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As I'm reading a book concerning legal language, a sentence puzzles me a lot. Would you please help explain it for me. Tanks a lot.

It comes from Anglo-Saxons Charters.

also so it stonden

mid mete and mid manne

and mid Sake and Sokne

also ic it aihte

modern English:

as they stand with their produce and their men and with rights of jurisdiction as I owned them.

What is the meaning of the sentence in modern English?

Thank you.
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It would help if you gave us the full sentence, so we can know the antecedent of "they."

Otherwise, it's very confusing as to what "them" refers to - the "they" or the "men."
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this comes from feudal times...in that period when a person owned land he was also the owner of peasants, farms and things produced on the land... So I think this person is just confirming that everything he owns is still there in the same place on his land.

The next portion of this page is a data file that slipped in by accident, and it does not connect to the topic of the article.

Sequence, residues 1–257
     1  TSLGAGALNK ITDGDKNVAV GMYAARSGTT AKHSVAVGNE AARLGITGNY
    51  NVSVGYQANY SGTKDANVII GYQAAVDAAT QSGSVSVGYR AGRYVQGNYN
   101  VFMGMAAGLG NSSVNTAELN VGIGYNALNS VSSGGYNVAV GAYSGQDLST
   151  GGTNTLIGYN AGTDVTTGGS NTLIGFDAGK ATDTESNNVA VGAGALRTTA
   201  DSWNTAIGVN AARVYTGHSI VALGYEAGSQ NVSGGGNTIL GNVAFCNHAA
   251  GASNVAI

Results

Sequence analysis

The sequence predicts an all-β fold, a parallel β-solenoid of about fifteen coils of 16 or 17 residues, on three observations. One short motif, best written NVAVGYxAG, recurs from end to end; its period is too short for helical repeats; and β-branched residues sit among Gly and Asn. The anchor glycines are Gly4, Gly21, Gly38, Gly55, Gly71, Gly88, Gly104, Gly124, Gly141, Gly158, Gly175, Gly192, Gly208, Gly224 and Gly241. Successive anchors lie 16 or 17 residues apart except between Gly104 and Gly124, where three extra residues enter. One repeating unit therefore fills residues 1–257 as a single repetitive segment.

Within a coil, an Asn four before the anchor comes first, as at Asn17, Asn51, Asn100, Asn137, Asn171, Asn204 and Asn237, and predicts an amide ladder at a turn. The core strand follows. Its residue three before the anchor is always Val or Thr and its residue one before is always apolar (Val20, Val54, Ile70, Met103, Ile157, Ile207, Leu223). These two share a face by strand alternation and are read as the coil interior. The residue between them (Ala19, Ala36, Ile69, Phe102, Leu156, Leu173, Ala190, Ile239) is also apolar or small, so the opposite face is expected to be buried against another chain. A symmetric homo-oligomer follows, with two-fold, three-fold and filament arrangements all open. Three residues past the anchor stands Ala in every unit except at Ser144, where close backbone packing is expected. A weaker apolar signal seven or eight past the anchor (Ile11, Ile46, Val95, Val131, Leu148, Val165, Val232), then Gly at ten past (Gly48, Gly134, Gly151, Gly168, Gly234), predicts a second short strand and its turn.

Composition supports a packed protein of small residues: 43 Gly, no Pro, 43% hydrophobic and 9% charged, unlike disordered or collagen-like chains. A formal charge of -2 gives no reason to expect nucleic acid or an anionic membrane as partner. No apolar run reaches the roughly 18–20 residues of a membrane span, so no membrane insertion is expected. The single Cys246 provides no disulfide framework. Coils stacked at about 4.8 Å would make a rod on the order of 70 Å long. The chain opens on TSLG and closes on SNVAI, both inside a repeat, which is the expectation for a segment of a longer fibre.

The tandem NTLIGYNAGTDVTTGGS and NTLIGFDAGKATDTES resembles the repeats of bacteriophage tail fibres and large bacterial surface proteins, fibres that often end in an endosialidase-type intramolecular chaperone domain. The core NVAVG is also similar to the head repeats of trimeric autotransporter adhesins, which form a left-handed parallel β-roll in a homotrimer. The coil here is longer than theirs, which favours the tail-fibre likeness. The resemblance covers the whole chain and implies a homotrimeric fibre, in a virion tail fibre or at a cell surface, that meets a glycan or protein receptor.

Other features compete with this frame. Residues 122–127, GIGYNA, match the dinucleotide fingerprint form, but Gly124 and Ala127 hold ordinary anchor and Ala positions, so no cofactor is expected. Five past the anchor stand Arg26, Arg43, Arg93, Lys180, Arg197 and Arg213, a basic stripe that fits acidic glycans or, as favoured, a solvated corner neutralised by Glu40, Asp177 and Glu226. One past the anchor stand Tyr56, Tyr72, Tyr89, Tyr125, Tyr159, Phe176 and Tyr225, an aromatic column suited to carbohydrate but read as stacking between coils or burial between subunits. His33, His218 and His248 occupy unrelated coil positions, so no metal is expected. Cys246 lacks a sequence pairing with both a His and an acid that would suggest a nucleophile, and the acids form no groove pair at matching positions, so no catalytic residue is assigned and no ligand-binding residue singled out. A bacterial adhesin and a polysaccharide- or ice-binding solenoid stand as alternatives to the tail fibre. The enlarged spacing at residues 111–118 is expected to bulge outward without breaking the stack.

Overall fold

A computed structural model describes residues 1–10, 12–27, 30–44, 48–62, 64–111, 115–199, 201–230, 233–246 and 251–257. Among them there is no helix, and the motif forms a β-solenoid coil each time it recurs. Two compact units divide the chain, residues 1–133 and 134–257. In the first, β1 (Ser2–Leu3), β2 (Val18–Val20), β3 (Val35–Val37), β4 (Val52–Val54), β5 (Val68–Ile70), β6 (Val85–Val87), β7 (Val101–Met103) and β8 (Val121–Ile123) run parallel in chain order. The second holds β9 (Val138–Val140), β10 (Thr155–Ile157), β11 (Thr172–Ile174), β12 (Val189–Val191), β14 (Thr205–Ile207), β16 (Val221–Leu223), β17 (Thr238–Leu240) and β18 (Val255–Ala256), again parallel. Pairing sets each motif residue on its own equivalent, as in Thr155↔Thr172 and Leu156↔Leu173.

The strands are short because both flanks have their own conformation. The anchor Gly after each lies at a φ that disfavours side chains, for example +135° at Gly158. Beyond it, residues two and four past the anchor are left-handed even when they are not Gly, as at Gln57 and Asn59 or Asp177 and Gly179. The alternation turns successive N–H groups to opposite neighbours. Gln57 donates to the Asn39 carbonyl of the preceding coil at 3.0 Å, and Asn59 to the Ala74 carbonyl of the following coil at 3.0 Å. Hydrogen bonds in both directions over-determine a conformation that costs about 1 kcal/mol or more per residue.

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johnkutiwhen a person owned land he was also the owner of peasants, farms and things produced on the land...
So if "they" are the peasants, who are "their men"?

Could "they" possibly refer to a number of separate "real properties"?

- or perhaps "lands," as we say, "all of these lands"?

Rgdz, - A.
I think that's a good guess. I was thinking maybe fields or farms...it's hard to tell from this little excerpt.
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I think that's a good guess - posted as anonymousEmotion: smile